Upper Limb - Assignment Point
Upper Limb

Upper Limb

Definition

Upper limb is the area of the skeleton that is able to grasp strike and conduct fine motor skills. It is supported and stabilized by various muscles attached to the ribs and vertebrae. The upper limb and lower limbs were evolved basically for bearing the weight of the body and for locomotion. In quadrupeds forelimbs and hindlimbs are, therefore, built on the same basic pattern.

Upper Limb is the limb of the body extending from the deltoid region to the hand; it is specialized for functions requiring great mobility.

Each limb is made up of a basal segment or girdle, and a free part divided into proximal, middle and distal segments. The girdle attaches the limb to the axial skeleton. The distal segment carries the five digits.

 

Structure and Functions of Upper Limb

The two uman upper limbs are commonly called arms. They are connected to the trunk at the shoulder joint. The arms consist of the clavicles, scapula, humerus, ulna, carpal, metacarpal bones and phalanges. The three joints of the arm are the shoulder, elbow and wrist. The humerus bone is solid and less likely to break than the forearm.

Upper limb can be divided into following parts:

Shoulder Region – Shoulder region consists of following:

  • The pectoral or breast region, on the front of the chest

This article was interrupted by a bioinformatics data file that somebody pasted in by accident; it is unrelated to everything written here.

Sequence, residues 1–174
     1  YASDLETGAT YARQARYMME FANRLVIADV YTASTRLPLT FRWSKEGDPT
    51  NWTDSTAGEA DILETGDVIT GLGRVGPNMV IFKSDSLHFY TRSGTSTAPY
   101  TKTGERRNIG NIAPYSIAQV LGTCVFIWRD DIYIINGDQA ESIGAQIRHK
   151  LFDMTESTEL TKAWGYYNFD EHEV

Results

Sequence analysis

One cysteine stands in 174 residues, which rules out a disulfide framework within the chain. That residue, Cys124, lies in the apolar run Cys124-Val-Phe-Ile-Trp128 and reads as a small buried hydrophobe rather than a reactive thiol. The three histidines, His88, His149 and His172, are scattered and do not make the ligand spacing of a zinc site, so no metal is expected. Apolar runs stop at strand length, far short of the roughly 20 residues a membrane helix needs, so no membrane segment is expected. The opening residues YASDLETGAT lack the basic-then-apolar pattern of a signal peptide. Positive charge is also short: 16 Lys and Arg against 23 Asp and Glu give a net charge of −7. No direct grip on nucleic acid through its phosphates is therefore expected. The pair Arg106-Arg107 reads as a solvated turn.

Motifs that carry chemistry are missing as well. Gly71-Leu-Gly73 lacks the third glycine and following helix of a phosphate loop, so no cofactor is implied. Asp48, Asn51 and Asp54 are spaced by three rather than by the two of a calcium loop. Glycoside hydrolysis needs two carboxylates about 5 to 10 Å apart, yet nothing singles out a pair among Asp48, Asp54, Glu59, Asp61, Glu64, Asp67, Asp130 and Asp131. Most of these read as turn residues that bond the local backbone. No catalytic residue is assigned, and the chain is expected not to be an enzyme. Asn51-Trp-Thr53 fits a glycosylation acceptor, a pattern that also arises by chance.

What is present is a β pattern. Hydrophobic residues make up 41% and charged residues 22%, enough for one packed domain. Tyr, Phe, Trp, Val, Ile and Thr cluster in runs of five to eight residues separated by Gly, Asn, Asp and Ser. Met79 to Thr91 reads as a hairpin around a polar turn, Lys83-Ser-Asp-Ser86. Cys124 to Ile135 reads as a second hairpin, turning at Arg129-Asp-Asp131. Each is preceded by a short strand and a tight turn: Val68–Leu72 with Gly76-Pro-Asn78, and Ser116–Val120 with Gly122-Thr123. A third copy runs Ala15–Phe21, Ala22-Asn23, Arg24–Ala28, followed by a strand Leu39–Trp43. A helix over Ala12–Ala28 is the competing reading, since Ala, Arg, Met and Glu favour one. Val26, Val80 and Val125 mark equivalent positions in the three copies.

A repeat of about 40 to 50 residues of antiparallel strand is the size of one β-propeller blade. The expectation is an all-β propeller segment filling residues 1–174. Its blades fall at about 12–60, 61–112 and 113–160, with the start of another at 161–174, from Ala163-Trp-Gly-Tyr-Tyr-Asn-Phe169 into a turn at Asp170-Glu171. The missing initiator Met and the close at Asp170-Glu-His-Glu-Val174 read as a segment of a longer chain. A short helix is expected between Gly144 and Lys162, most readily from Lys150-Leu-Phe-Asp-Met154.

• The axilla or armpit
  • The scapular region on the back comprising parts around the scapula. The bones of the shoulder girdle are the clavicle and the scapula.

Arm – Also called upper arm or brachium, arm extends from the shoulder to the elbow (or cubitus). The bone of the arm is the humerus. Its upper end meets the scapula and from the shoulder joint. The shoulder joint permits movements of the arm.

Forearm or Antebrachium – Forearm extends from the elbow to the wrist. The bones of the forearm are the radius and the ulna. At their upper ends they meet the lower end of the humerus to form the elbow joint. Their lower ends meet the carpal bones to form the wrist joiont.  The elbow joint permits movements of the forearm, namely flexion and extension. The radioulnar joints permit rotatory movements of the forearm called pronation and supination.

Hand – The hand (manus), the metacarpals (in the hand proper) and the phalanges of the fingers, form the metacarpophalangeal joints (MCP, including the knuckles) and interphalangeal joints (IP). Movements of the hand are permitted chiefly at the wrist joint. The thumb moves at the first carpometacarpal joint and each finger at its metacarpophalangeal joint.

Bones of Upper Limbs are Clavicle, Scapula, Humerus, Wrist, Forearm and Hand.

Hand is a marvelous organ. It performs precise and gross jobs with equal ease, facilitated by small bones, multiple joints and many small muscles both intrinsic and extrinsic. Hands could be gentle and tough. They can perform precise functions like writing, painting, playing musical instruments. They also enable us to perform heavy labor like using shovel, axe or drill etc.

They are designed to put our hand where we want it to be, doing what we want it to do. They put the hand into desirable postions. They lift and rotate to reach something. Apart from enabling hand reach something, they also stabilize the limb so that hand could function to its best.

Upper limb motions are also parts of gestures. Since early times we are using upper limb to make signs to approve, nod, call for help or stop. Thus our hands are important in communication, and we also use them while we talk to emphasize, compliment or dramatize our verbal communications.

 

Reference: boneandspine.comhealth.ccm.net, wikipedia.